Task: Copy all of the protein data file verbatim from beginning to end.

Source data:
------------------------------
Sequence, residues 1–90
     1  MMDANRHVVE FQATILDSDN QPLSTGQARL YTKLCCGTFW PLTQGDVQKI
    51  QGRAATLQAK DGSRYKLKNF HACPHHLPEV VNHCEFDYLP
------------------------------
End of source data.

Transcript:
Sequence, residues 1–90
     1  MMDANRHVVE FQATILDSDN QPLSTGQARL YTKLCCGTFW PLTQGDVQKI
    51  QGRAATLQAK DGSRYKLKNF HACPHHLPEV VNHCEFDYLP